Above all else, guard your heart, for it is the wellspring of life – Proverbs 4:23
Prayer is as simple as one might wish for. This is what I have been learning as I’ve set aside time in this season to read the writings of the ancient mystics. For me their teachings have given greater understanding and assistance to help me pass through the challenges and graces in which are awakened to God’s presence in my life.
It’s been an invitation of learning to recognize and yield to the often subtle way that God accesses my mind and heart, and to learn to bear witness to this process by grounding myself in the simplicity and silence of wordless prayer.
There are two features in a life dedicated to living in the presence of God:
- Meditation which is the prayer of active recollection and is anchored in the trust that Christ lives in us.
- Contemplation (prayer of quiet) is a pure gift, a total awareness of God’s presence, the highest degree of wordless prayer… we don’t do anything ourselves.
For me contemplation has always been my preferred method of praying, However, it is now playing a bigger and bigger role in my relationship with the Lord.
Perhaps more important in our own active and complicated lives today is that contemplation can happen in the midst of activity. There is no difference between action and contemplation, no need to withdraw into ideal circumstances to experience the unfailing love of God. It heightens our capacity to know and love God and it is not found somewhere at the end of a path.
A person who is in love with God has the responsibility to love others in whatever way he or she is called. Action and contemplation may be distinct, but they rise up from the same inner wellspring. The test for any growth in love is our love for “others” which is, at the same time, a sign that we love God.
Because God’s love is primary, our walk takes different stages as we grow in His love. Each stage can be interrupted without warning, like a sudden shift in a strong breeze, leaving the soul refreshed and an experience of love that was always present but only at that moment revealed.
We begin to appreciate and give thanks for our unique personal history. At some point we may discover that our personal history fades into the background but for now we honour the choices we have made in the past to follow Jesus and the choices we continue to make to honour God. It takes time as we move at our own pace, stopping at times to reflect on a particular attachment and the inner tug we feel to relinquish it. We also take time to recall life events that have brought us face-to-face with our own human limitations and in that moment ask ourselves to show how that loss has led us to change.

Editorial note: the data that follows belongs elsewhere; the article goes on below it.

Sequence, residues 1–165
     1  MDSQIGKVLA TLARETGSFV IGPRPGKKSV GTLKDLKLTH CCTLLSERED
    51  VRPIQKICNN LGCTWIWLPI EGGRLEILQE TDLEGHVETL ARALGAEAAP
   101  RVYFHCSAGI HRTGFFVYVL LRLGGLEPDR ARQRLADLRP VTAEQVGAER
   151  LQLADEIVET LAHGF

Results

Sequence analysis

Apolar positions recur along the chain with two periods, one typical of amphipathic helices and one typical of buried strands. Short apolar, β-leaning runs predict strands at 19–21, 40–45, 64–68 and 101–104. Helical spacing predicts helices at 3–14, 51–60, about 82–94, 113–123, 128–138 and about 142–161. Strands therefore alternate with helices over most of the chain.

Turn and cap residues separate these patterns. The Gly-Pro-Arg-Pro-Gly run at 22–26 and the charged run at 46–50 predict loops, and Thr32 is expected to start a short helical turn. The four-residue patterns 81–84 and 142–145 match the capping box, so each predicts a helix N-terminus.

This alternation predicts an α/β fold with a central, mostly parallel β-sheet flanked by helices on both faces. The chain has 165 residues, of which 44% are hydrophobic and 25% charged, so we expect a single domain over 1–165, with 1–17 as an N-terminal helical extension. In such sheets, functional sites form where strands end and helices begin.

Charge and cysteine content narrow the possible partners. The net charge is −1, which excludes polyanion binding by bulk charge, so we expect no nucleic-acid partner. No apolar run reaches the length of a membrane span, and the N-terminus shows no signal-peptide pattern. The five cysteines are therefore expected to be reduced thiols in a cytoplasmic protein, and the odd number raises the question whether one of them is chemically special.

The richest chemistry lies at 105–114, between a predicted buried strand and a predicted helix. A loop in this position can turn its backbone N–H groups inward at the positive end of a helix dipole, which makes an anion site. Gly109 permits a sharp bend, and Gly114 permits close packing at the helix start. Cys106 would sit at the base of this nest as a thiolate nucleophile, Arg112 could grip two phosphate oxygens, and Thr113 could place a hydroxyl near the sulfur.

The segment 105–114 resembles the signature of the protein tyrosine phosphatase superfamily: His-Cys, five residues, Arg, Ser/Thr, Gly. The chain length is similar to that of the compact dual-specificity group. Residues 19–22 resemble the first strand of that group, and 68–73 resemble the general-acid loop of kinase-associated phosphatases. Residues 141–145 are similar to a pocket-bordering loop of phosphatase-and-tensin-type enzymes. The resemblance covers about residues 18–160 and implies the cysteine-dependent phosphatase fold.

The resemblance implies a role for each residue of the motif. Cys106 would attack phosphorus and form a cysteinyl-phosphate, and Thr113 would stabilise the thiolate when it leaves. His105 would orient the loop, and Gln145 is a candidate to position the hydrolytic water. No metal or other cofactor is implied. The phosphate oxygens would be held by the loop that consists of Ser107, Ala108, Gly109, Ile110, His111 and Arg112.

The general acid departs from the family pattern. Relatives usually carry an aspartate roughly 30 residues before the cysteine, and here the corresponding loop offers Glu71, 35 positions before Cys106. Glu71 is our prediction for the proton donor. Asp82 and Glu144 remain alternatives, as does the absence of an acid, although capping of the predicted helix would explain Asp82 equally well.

All through these stages were a means for our knowing and loving God, for seeing what we owed Him and for regretting what we had been. Our journey becomes more demanding than we might have expected. We have a sense that we are in a deep personal relationship with God and that our entire being is at stake. Our walk begins to take on a life of its own. Each moment now is enough to satisfy us. Aware that God is calling us, concerns that once were weighing us down no longer seem to be important.
Prayer becomes less and less tied to words and images and becomes a silent participation in the prayer of Christ “It is no longer I, but Christ living in me.” (Galatians 2:20).
We release control and become more at home in silence and develop an attitude of waiting. Waiting has become such a significant part of my prayer journey and I have found this difficult because I want to know that I am progressing. Slowly I am learning that I need to renounce all my desires for a result. No longer making my walk successful is my concern, it is my willingness to walk in silence and let silence deepen into the unknown mystery now becomes enough.
For the most part I have felt no warm feelings but only dryness; however, I appreciate that this is an invitation from God to a more simple prayer. These moments are primarily a challenge to open the door of my heart more fully to humility and love.
The proof for me is, to borrow one of Mother Teresa’s quotes:
“Prayer is not asking. Prayer is putting oneself in the hands of God, at His disposition, and listening to His voice in the depth of our hearts.” Mother Teresa.